posted by kmz on Feb 6, 2015 - 32 comments

How Harry Potter fans won a four-year fight against child slavery

Right before Christmas, Warner Bros. quietly gave “Harry Potter” fans what was, for some of them, a long-wished-for gift. In a letter to Andrew Slack, the founder of the Harry Potter Alliance, Joshua Berger, the company’s president for Harry Potter Global Franchise Development, announced, “By the end of 2015, and sooner when possible, all Harry Potter chocolate products sold at Warner Bros. outlets and through our licensed partners will be 100-percent UTZ or Fair Trade certified.”
[more inside]
posted by Elementary Penguin on Jan 21, 2015 - 13 comments

"This is whataboutery with a TARDIS"

It was with a heavy heart and no small amount of anger that I decided it was necessary to write a public refutation of the insidious myth that the Irish were once chattel slaves in the British colonies. The subject of this myth is not an issue in academic circles, for there is unanimous agreement, based on overwhelming evidence, that the Irish were never subjected to perpetual, hereditary slavery in the colonies, based on notions of ‘race’. Unfortunately this is not the case in the public domain and the ‘Irish slaves’ myth has been shared so frequently online that it has gone viral.
For OpenDemocracy, Laim Hogan writes a short article on the myth of Irish slavery, extracted from his larger essay 'The myth of “Irish slaves” in the colonies'. This has become relevant again in the wake of Ferguson as white supremacists and others use it to disparage and minimise African-American history and suffering: "the Irish don't ask for reparations and they were slaves".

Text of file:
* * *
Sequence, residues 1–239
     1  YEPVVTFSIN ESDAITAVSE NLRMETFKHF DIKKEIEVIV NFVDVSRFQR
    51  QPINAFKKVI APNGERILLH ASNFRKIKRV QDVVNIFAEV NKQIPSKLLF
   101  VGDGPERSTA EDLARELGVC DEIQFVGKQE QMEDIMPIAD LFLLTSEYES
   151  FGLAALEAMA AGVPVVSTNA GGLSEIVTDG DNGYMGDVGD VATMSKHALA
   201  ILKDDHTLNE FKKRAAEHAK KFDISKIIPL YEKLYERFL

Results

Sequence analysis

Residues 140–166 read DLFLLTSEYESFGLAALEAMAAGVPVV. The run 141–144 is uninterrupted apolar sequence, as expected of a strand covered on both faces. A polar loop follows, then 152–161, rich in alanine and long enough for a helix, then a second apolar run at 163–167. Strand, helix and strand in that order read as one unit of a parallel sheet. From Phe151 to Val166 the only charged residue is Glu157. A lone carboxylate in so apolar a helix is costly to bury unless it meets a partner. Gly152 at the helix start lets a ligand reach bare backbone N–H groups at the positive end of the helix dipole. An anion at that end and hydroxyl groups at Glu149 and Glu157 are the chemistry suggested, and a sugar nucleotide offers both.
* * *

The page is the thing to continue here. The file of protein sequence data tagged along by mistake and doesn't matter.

posted by MartinWisse on Jan 19, 2015 - 97 comments

You asked me to write my life.

My name is Omar ibn Seid (pdf, 163 kb). My birthplace was Fut Tûr, between the two rivers. I sought knowledge under the instruction of a Sheikh called Mohammed Seid, my own brother, and Sheikh Soleiman Kembeh, and Sheikh Gabriel Abdal. I continued my studies twenty-five years. Then there came to our place a large army, who killed many men, and took me, and brought me to the great sea, and sold me into the hands of the Christians, who bound me and sent me on board a great ship and we sailed upon the great sea a month and a half, when we came to a place called Charleston in the Christian language. There they sold me to a small, weak, and wicked man.
[more inside]
posted by ChuraChura on Jan 14, 2015 - 6 comments

Slave songs, songs of hope.